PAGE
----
A person loses fluid through sweating, among other things. The composition of sweat is different for everyone, and by understanding what kind of sweater you are, you can better influence your hydration. The composition of sweat can be examined with tests, but in everyday life, certain things can indicate if you are a “salty sweater”.
Sweating and hydration
A person needs about 2–3 litres of liquid per day, some of this comes with food. The amount of sweating is affected by temperature, exercise and many other things, these also increase the amount of fluid needed. In addition to hydration, it should be noted that when you sweat, you also lose electrolytes, especially sodium, i.e. salts.
If you have white sweat marks on your clothes or skin, you may be losing more salt on average through sweating. However, it is good to consider the air and air humidity here, as dry and hot air may leave more visible marks than more humid air, even if the composition of the sweat is the same. Your skin may also taste salty. Many people may taste a salty taste when they lick the edges of their lips or arm.
Weakness and headache after or during sports can be a sign that you are depleting salts. These are because the blood pressure drops, but it is also good to consider other hydration and nutrition in this context. Dehydration or insufficient energy intake can also cause weakness. Muscle cramps and difficulty exercising in hot weather can be a sign of salt loss. In this case, it is also good to consider other options. Getting used to the heat can take time, especially if the heat is only available for short periods. Muscle cramps can also be caused by temperature differences, starting too hard, and dehydration.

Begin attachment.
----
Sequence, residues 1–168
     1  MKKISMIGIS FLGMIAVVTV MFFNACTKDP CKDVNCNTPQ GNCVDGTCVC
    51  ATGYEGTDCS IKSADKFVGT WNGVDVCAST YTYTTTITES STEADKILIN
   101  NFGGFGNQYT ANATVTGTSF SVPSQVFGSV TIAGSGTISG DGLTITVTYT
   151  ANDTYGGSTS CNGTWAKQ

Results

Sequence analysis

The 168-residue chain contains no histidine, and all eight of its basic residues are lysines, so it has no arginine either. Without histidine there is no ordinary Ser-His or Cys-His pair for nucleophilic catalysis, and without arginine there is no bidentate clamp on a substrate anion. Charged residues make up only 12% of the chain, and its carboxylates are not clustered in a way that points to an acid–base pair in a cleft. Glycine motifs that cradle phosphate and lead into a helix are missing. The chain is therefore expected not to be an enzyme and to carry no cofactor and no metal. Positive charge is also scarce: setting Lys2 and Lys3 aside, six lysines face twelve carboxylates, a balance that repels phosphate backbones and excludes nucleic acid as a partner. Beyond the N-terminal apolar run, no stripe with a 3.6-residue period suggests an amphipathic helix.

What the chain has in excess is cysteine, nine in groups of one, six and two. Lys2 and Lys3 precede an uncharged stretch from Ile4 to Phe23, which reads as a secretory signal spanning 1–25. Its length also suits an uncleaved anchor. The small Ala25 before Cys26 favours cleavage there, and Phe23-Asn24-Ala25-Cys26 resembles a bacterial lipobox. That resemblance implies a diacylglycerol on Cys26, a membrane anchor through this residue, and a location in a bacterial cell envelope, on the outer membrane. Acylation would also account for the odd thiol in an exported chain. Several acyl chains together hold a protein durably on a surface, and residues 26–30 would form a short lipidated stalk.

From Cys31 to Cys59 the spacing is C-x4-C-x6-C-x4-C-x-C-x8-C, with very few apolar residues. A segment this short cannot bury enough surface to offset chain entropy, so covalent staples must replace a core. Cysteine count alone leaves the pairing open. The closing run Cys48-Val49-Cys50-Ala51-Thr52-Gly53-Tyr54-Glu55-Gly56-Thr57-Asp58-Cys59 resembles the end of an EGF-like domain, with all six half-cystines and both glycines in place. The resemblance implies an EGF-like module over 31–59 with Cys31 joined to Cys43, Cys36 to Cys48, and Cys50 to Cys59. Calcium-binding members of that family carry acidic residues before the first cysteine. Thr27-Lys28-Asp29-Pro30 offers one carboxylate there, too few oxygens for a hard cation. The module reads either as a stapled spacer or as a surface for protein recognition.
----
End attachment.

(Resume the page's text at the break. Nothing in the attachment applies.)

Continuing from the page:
If you crave salty food after exercise, it may be that you have lost salt. Your body wants to correct the situation.
What you can do?
If you recognized more than one of the signs above and have ruled out other possible issues, it may be that you are a salty sweater. There’s nothing wrong with this. There’s no need to worry about it because everyone has their own sweat composition, but it’s worth noting. During long-term sports performances, it is worth ensuring an adequate intake of salts. The recommended intake of sodium is 300–700 mg per hour during sports. The saltier the sweat, and the more sweat, the greater the amount of sodium needed. Salty sweaters may exceed the recommended amount if the amount of sweating increases.
Various electrolyte drinks and sports drinks are good ways to replace lost salts. Energy gels rarely contain enough salts. You can add salt to other food before and after the performance, to maintain balance.